• Hi Rachael, I used an herbal protocol from my Functional medicine doctor who is an MD.
          As follows;
          CandiBactin AR & BR 3 X day between meals
          Interface Plus 3 X day between meals
          Prescript assist 2 X day with meals

          I followed this protocol with the diet I mentioned above for two months.
          I used very small plastic bags to divide up my daily doses of med’s. I did this on a three day rotation so they would be ready for whatever the day had in store.

          Let me know if you want to be in touch about AIP/ SIBO food ok?
          Best wishes.

        • I used the herbal protocol –
          Candibactin AR & BR
          W/ Interface plus 1 ea. 3 x day between meals.
          Prescript Assist 2 x day with meals.
          Also Pharm. Grade fish oil w/ D
          (Amazon) 3 x day.

          I see Dr. Kresser’s idea has merit but I have not seen numbers of those it has worked for posted. The “cure” for SIBO
          is still not certain. It does make sense that when it is reduced you need to feed the good bacteria. I am too nervous to add prebiotic a like sweet potatoes back in. Still following
          the Siboinfocom diet for now.
          I am taking megasporebiotic with good success. My digestion is normalizing and I am able to add some foods back in now. Hope this is helpful. 🙂

        • Hi Ann, I am feeling 85-90% better now that I have cleared the SIBO. The challenge is keeping it cleared. I stay on my diet and supplement regimen and do not falter from these.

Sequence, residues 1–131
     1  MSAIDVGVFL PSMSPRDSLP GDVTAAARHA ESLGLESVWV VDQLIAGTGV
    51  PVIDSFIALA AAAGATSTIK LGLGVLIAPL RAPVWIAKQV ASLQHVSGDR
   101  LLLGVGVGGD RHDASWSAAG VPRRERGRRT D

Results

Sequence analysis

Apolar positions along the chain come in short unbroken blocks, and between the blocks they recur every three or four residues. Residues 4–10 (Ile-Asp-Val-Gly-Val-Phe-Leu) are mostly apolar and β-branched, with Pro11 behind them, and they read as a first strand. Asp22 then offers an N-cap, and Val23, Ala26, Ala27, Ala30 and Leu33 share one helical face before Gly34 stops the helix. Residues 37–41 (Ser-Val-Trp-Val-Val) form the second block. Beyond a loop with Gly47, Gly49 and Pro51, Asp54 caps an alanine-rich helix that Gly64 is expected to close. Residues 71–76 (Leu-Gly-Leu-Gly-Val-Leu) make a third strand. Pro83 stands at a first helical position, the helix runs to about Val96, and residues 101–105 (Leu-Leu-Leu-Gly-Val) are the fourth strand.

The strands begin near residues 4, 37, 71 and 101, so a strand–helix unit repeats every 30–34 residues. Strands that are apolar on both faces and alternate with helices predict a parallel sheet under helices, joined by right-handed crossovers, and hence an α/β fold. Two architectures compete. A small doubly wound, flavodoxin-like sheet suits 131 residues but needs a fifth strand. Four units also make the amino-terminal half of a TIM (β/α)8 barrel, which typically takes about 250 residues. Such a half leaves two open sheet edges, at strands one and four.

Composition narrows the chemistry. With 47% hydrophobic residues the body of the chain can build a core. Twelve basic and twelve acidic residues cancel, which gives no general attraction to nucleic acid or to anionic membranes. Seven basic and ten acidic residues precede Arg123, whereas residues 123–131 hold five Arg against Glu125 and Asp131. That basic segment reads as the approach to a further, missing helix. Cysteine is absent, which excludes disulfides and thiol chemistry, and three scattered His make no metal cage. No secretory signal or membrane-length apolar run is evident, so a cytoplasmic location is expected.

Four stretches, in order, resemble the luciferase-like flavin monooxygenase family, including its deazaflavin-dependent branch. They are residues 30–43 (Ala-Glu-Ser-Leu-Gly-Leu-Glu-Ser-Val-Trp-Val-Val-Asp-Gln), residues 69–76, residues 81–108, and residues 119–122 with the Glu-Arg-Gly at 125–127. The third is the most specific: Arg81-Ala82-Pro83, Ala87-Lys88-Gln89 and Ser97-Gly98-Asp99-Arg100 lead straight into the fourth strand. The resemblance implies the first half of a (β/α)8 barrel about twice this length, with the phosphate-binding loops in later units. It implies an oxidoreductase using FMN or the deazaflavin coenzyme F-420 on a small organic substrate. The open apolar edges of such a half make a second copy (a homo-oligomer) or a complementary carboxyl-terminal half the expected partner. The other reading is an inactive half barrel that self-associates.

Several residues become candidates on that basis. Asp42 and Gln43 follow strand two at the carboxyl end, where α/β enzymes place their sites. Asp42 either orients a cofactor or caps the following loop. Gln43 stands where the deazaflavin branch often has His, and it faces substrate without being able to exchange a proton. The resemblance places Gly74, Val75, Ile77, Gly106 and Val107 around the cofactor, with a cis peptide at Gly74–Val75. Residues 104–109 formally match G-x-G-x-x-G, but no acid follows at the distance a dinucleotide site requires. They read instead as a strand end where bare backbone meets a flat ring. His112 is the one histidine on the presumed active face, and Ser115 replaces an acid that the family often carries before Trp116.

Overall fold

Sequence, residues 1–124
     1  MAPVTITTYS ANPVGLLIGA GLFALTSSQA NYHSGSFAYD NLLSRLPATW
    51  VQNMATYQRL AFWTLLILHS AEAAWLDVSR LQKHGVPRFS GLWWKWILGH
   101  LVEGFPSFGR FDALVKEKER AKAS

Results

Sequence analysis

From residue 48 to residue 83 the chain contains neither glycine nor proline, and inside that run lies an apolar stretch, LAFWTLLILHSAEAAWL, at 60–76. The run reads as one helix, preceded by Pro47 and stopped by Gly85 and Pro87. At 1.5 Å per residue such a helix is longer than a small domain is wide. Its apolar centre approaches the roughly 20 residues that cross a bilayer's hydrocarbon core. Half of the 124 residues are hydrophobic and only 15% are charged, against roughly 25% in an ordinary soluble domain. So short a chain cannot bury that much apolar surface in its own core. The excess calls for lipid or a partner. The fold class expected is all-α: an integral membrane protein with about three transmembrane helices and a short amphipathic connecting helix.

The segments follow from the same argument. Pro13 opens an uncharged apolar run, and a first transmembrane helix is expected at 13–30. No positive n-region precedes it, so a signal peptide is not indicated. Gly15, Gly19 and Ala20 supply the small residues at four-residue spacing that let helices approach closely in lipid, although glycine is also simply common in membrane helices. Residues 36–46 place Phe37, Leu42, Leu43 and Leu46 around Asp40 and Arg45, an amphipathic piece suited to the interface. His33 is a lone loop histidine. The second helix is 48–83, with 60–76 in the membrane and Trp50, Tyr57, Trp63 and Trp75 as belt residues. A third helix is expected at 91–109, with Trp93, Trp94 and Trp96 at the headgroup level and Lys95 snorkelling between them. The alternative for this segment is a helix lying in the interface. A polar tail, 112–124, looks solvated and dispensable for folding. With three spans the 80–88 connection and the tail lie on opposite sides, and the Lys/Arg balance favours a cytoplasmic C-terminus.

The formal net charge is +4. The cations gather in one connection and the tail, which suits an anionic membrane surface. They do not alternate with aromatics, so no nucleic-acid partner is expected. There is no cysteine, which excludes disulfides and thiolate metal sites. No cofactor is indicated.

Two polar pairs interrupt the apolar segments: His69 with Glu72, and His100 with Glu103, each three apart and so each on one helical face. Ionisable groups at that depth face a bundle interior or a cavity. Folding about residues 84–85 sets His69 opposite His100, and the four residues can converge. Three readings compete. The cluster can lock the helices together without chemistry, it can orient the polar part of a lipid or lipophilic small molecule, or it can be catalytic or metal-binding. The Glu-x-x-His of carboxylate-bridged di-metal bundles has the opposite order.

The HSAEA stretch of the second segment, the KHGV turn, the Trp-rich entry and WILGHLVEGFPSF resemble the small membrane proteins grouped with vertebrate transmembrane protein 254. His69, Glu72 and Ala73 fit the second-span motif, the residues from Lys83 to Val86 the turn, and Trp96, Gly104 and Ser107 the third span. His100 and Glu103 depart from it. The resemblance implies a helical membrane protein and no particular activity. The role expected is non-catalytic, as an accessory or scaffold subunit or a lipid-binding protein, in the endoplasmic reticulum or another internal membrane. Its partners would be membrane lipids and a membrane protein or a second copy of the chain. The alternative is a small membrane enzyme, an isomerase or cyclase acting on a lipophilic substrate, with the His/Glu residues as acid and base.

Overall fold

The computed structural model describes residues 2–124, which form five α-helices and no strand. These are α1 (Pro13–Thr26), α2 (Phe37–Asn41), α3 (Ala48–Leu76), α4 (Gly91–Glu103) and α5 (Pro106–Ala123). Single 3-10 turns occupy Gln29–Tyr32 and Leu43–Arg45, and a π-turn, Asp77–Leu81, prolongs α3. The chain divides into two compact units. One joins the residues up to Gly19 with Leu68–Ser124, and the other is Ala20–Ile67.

This is challenging when you start to feel better.
          I do take LDN which I believe is helping with the autoimmune component. 54%’of people with Hashimoto’s have SIBO.
          I also learned that having calcium levels in range and
          keeping them there can be a factor as calcium affects the tone of the Ileocecal valve.
          If you haven’t started a journal I highly recommend this.
          If you would like to know specifically what I take you are welcome to send me a private email and we can share information. [email protected]; please put on the subject line, SIBO questions. Best wishes on your journey too 🙂

    • Hi Anne, there is a SIBO Facebook page that may interest you. I think you will find many answers there, be aware that
      the people that post are not medical professionals but speak from their own experience. We are all different.
      Best wishes on your health journey, it is possible to eradicate SIBO.

      Susie

  49. I am almost positive I have methane sibo. I have tried every alt treatment under the sun and am in constant pain. My diet is so restricted at this point. It goes way beyond fodmaps. But getting a diagnosis has been a nightmare. I have lost all gut motility and most of the things that should help make things worse. The only way I can void at all is through using at at home colonic twice a week. This is terrible for so many reasons. One of the things I noticed was probiotics and fermented foods have a very very bad reactions. Many sites claim this will help and it made my symptoms so much worse just within days. It’s been months of me just trying to get back to where I was before I introduced them and still I’m not even back to my baseline. I would never suggest someone with bacteria add more bacteria. All these different strains and I even went with the ones that are suggested specifically for sibo. Even made my own coconut kefir to avoid dairy. Acv another thing sometimes suggested again had terrible effects. I have tried so many things that mostly made it worse or didn’t work. I’m out of solutions. I am going to the dr tomorrow to beg for the antibiotics despite the lactalose test. Only one company does it here and they don’t take my insurance. I pray every day I’ll find a cure for this. Like someone else noted I don’t want to live anymore. My life has become so restricted and I am in so much pain and discomfort I barely leave the house.